Many things to many people: Panasonic launches DC-BGH1 modular ‘box’ camera: Digital Photography Review

Panasonic has announced a new Micro Four Thirds video camera, the Lumix DC-BGH1. This box-style camera is built around a 10.2MP Live MOS sensor. Based on specs, the BGH1 might appear to be essentially a Panasonic GH5S minus the screen and controls, and to some degree, it is. Still, Panasonic has included several features that are rather interesting.

The aluminum and magnesium alloy body is relatively small, at 93mm per side and 78mm deep (3.66 x 3.07 inches). Notably, the camera lacks both a viewfinder and a screen but includes eleven 1/4″-20 sockets for mounting accessories or a tripod. An integrated fan and internal heat dispersion system allow for unlimited record times, and a hot shoe mount on top of the camera can be used to mount a microphone or Panasonic’s DMW-XLR1 XLR adapter.

Camera controls include a dial with a four-way controller on top, several dedicated function buttons and

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Twitter Suspends Accounts Allegedly Operated by People Posing as Black Trump Supporters

Twitter has reportedly suspended a number of accounts that claimed to be owned by Black supporters of Donald Trump.

According to the Washington Post, the social media giant confirmed the move Tuesday, stating the accounts in question had violated the platform’s rules against spam and manipulation. Twitter spokesman Trenton Kennedy told the publication the affected accounts were part of a network identified by Clemson University social media researcher Darren Linvill. The researcher noted that the more than two dozen accounts were using similar posting nearly identical messages, like: “YES IM BLACK AND IM VOTING FOR TRUMP!!!” and the #BlacksForTrump hashtag.

It was also noted that many of these profiles featured stolen photos from news articles, as the names on the account did not match the names listed in the news report. There was even one profile page that had the words “black man photo” as the avatar—”a hint of

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Thousands of people want to be exposed to coronavirus for science



a close up of a glass with a blue background: Coronavirus Vaccine


© Provided by BGR
Coronavirus Vaccine

  • Coronavirus vaccine research is advancing at an incredible pace, with some of the first results expected by the end of the year.
  • The UK government is actively exploring the idea of starting a challenge trial where volunteers would receive the experimental drug and then the virus.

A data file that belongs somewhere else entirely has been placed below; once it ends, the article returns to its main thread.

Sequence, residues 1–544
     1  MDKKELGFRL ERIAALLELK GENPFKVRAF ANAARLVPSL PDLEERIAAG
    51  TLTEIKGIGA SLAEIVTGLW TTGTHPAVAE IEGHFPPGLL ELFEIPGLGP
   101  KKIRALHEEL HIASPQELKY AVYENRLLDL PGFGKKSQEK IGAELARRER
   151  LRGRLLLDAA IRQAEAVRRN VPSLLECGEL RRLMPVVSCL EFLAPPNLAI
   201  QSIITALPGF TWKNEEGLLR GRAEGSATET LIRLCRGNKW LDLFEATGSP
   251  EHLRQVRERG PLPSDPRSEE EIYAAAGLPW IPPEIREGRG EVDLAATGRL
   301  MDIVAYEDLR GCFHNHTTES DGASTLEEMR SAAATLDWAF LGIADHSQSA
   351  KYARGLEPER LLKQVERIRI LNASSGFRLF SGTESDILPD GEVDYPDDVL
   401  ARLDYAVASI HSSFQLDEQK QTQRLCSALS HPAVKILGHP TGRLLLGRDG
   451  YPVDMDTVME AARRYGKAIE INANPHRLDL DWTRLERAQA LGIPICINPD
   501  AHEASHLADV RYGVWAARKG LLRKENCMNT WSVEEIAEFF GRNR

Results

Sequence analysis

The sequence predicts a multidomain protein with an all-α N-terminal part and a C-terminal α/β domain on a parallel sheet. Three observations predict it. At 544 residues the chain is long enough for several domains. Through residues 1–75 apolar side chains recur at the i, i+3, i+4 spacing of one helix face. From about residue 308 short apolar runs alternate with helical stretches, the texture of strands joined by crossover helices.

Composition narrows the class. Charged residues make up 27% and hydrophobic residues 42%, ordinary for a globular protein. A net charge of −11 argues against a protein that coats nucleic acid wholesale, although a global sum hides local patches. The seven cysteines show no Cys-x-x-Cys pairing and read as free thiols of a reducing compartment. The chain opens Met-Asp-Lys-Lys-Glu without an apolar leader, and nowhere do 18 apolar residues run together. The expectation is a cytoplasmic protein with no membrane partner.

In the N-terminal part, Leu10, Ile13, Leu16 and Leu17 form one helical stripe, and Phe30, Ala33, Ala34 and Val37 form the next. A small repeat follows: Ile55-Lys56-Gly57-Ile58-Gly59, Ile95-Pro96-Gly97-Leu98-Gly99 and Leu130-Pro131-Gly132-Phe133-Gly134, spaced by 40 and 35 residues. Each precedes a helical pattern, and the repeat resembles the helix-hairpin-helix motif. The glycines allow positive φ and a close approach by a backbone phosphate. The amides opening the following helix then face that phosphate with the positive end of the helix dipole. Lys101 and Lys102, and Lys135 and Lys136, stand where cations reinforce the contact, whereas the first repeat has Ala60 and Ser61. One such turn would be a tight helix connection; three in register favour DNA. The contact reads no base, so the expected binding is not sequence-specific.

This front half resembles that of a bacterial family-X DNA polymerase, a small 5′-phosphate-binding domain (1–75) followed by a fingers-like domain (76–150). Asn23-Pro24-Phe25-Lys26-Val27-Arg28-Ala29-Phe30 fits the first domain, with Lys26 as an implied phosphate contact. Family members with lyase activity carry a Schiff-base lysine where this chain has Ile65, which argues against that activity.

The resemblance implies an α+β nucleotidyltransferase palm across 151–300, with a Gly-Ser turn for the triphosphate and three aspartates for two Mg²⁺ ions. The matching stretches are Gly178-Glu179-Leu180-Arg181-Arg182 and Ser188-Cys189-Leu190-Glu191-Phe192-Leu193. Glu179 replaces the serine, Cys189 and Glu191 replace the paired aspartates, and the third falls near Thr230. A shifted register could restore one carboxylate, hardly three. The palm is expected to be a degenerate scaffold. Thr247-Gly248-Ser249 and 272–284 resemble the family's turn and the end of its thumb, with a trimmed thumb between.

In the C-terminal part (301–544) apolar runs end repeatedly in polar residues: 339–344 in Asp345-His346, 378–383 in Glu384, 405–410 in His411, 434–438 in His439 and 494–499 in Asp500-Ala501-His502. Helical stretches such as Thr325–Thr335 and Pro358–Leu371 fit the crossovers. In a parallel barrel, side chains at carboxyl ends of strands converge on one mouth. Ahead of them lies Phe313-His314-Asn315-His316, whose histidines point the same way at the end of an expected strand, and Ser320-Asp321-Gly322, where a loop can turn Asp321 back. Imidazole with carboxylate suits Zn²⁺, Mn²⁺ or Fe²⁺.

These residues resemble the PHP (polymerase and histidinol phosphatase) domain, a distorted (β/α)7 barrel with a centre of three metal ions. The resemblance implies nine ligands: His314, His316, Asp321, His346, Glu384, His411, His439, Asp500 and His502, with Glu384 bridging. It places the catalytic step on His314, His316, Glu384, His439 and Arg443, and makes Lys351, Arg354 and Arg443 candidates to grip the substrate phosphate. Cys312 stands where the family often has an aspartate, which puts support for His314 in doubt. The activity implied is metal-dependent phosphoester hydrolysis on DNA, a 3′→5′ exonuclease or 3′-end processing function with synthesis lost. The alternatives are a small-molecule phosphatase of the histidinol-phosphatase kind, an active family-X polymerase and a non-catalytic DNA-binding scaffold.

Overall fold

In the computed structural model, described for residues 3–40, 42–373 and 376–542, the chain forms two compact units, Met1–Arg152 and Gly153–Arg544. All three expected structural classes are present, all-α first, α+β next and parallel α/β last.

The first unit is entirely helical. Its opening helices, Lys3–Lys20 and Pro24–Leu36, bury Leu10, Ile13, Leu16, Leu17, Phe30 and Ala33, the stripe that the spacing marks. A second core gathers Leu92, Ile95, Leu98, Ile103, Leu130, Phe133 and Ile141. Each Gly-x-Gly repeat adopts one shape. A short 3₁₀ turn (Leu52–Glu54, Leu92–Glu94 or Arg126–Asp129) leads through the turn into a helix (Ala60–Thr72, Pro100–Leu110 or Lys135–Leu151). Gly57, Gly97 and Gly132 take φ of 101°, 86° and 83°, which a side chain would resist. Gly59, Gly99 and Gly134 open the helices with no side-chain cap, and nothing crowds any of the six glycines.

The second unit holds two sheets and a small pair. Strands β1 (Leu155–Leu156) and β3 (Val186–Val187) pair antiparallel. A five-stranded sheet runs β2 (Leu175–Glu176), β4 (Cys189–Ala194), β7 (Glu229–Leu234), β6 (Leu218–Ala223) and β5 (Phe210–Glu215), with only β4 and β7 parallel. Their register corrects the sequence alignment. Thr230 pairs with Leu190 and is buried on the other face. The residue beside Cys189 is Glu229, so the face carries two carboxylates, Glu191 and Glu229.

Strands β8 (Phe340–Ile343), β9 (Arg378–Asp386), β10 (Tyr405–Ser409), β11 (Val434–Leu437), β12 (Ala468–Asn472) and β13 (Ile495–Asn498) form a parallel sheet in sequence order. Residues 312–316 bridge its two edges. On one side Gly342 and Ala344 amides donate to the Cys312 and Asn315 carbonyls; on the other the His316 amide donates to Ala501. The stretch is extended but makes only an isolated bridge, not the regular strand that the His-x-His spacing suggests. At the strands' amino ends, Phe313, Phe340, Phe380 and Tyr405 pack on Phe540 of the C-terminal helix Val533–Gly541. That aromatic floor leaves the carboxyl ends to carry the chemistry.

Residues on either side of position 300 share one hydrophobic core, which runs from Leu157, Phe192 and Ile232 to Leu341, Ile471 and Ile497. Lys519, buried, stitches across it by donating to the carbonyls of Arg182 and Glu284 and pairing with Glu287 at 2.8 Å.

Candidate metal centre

• The World Health Organization (WHO) already cleared the controversial testing method, but governments and vaccine makers are still reluctant to embark on research that would expose volunteers to a deadly pathogen.
  • Tens of thousands of people have signed up for challenge trials nonetheless.

There’s hope that vaccines combined with continued precautions (social distancing, hand washing, and face masks) can defeat the COVID-19 pandemic by the end of 2021. While we have no definitive proof that vaccines are effective and safe, there’s plenty of promising evidence to keep the hope alive. First of all, there are hundreds of coronavirus

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The Pandemic Has Benefited One Group Of People: Billionaires

Other than Netflix, Andrew Cuomo and the virus itself, no one has benefited from the COVID-19 pandemic more than American billionaires.

Over the last six months, roughly 3 out of 4 members of America’s 10-digit-wealth club have seen a rise in their net worths. Sixteen American billionaires are worth at least twice as much now as they were in March. And Jeff Bezos, who was already worth $113 billion at the start of 2020, is heading into the year’s final stretch $73 billion richer.

Michael Bloomberg and Charles Koch are both up by $7 billion, and Mark Zuckerberg has added another $46 billion to his already staggering $54 billion in wealth. Elon Musk found time between COVID truther tweets and CPAP machine donations to take his fortune from $25 billion to $92 billion.

Some billionaires have gotten richer as a direct result of the pandemic. Amazon, for example, was one

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Osteoarthritis biomarker could help 300 million people worldwide — ScienceDaily

Using new state-of-the-art imaging techniques to identify signs of osteoarthritis (OA), UniSA scientists are learning more about changes at the molecular level which indicate the severity of cartilage damage.

A study led by PhD student Olivia Lee and her supervisor Associate Professor Paul Anderson using mass spectrometry imaging (MSI) has mapped complex sugars on OA cartilage, showing different sugars are associated with damaged tissue compared to healthy tissue.

The finding will potentially help overcome one of the main challenges of osteoarthritis research — identifying why cartilage degrades at different rates in the body.

“Despite its prevalence in the community, there is a lot about osteoarthritis that we don’t understand,” Prof Anderson says.

“It is one of the most common degenerative joint diseases, yet there are limited diagnostic tools, few treatment options and no cure.”